When it was announced that Raymond Burr was selected to play Perry Mason  a number of critics voiced  their skepticism.  They reasoned that Burr was so typecast playing villains that viewers would have a difficult time accepting  him in the Mason role.  And there was some justification to their point. Burr had made a career playing heavies, and were not talking average bad guys here, he had played some of the most vicious and vile characters appearing on the screen in the film noir era.  He played pimps, commies, drug smugglers,  sadistic killers, and seemed to be always beating  up women. Burr often tipped the scales at 300 lbs or more adding to his menacing screen presence.  He was so ensconced as a heavy that he would show up in comedies, almost as a parody of himself. Actors with less a portfolio than Burr’s have been relegated to  career villains.  

So for many,  it was a surprise when Erle Stanley Gardner gave his nod for Burr to play Perry Mason. For Burr to be selected was even more surprising when you consider the competition for the role. Nearly 100 actors tested for the part, including Efrem Zimbalist Jr, Mike Conners, Jeff Chandler, Gerald Mohr, Fred MacMurray and Richard Eagan.    Burr  won out, and Gardner stuck by his decision, even though some  Hollywood critics didn’t think much of it.

The circumstances of how Burr was selected, against seemingly long odds, has become a topic of much discussion among the many aspects of the show.  The storey has long been circulated that Gardner, upon seeing Burr enter the room on his screen test, jumped to his feet and proclaimed he had found his Perry. Other versions and  stories  abound.  If you read Burr’s bio on Wikipedia  for example, the storey goes that Gardner was present when Burr was testing for the role of Hamilton Burger and William Talman was auditioning for the Mason role.  Gardner had them change roles and instantly found what he was looking for. Since there seems to be no attributable  sources for any of this, it leaves much to doubt.  The storey of Gardner’s epiphanies could have been perpetuated by Gardner himself, after Burr had become successful in the role,  in order  to enhance his image, .  It seems illogical that Gardner would have made such a snap decision with so much at stake, but these are the things that legends are made of.  We do know Burr was invited to test for the part of Hamilton Burger. He also managed to  get an audition for the title role as well.  His screen test took place on May 24th, 1956.  From there the storey is whatever version you want to believe.  But there may be another angle to this storey.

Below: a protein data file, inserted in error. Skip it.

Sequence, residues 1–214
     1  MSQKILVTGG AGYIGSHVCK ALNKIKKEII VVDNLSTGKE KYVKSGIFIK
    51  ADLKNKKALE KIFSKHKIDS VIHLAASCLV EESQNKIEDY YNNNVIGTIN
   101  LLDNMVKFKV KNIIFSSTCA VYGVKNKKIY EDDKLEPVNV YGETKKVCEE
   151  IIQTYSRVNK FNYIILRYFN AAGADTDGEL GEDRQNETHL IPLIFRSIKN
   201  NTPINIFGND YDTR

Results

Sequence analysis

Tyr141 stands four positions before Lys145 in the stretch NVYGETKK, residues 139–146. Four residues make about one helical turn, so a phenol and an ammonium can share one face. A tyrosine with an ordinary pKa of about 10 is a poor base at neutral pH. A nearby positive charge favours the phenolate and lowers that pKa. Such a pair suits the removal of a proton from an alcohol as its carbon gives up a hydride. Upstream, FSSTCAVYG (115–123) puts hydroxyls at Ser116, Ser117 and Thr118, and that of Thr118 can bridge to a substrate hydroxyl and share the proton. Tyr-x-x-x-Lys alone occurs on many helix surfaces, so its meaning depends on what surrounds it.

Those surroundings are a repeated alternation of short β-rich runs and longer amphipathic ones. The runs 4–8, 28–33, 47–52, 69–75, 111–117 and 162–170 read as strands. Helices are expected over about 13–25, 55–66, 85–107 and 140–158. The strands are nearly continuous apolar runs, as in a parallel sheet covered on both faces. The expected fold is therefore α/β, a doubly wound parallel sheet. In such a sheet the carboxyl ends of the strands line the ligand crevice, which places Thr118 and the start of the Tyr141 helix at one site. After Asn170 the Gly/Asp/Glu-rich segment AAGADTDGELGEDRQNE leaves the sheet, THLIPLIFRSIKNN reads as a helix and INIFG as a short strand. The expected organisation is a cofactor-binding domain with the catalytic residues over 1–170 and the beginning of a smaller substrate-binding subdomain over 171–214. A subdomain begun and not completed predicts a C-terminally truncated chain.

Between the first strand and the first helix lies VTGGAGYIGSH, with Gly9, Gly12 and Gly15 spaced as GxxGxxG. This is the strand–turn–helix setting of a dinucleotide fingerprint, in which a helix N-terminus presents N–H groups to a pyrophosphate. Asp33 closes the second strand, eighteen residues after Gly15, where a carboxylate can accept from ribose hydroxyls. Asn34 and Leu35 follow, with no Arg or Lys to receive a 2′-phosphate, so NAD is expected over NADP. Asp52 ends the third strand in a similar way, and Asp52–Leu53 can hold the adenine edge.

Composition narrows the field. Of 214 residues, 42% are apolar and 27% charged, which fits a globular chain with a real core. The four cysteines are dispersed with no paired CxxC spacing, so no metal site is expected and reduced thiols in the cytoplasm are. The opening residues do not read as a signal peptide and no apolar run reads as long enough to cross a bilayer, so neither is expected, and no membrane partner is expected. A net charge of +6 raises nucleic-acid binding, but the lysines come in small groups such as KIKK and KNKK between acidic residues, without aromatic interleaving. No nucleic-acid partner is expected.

In 1955 Burr appeared in the low budget film noir Please Murder Me.  In the film Burr plays a defense attorney defending Angela Lansbury.  Could this long forgotten film have been  a crucial element in helping Burr get the role of Perry?  Is his performance in the film the  inspiration for Perry Mason?  Did Gardner see this film and make his decision before Burr’s audition?  These are interesting questions and the circumstances seem to point that there was a connection. Here you have the film, released in March, 1956, less than two month before Burr auditioned for the Mason role.  If you watch Burr in the film you find his actions and  mannerisms are  nearly identical to those he employed during the run of Perry Mason.  He’s playing the same type of role in what amounts to an hour screen test..  It’s inconceivable that the producers or Gardner himself would not have taken the time to view it. And, the producers might have taken much more from this film inasmuch as courtroom style closely matches what would follow on Perry Mason.  The scenes from Please Murder Me look as if they came  right out of a Perry Mason episode. Is it a coincident that J. Paul Popkin, the production manager on Please Murder Me, would have the same job on 35 episodes during the first two years of Perry Mason?  Al C. Ward, the screenwriter on Please Murder Me, was a writer on five early episodes of the show as well.  And yes, that is Lee Miller playing a police officer, a role he would  play on Perry Mason in addition to being Burr’s stand in.  There certainly seems to be a connection here.  


Raymond Burr was appearing in a lot of films in the late 40s and early 50s but not getting much credit. Here are theater posters from two films in which Burr had significant parts, but as you can see his name is far from prominent.

Before Perry Mason Raymond Burr was a character actor, albeit a very busy one.  His ability to play bad guys so convincingly made him much in demand for tough guy roles .   In 1948 alone, he appeared in nine films and another six the following year. At the same time Burr was working in radio.  He had a regular role on Jack Webb’s radio program Pat Novak For Hire in 1949 and the following year he played Webb’s boss in Dragnet.  He was concurrently appearing on a number of other radio shows as well.  In the year before Perry Mason he had the leading role in the western radio drama, Fort Laramie.  

It could be argued that Burr was the first actor to achieve stardom through television.  By the series fourth season Burr was as popular, well known - and as well paid as any actor in Hollywood.   He will forever be remembered for his role as Perry Mason which unfortunately overshadows his other body of work.  In the post WWII era Burr was film noir’s most prolific villain but he also brought his brutish characters to every other genre as well, something few other actors have been able to pull off.

In Pat Novak For Hire, Burr played Police Inspector Helman and nemesis to private detective Webb.  The snappy dialog between Burr and Webb, delivered in a staccato manner is a work of art.     

In these scenes from Please Murder Me,  Raymond Burr had already developed his courtroom style that viewers would come to expect as Perry Mason.

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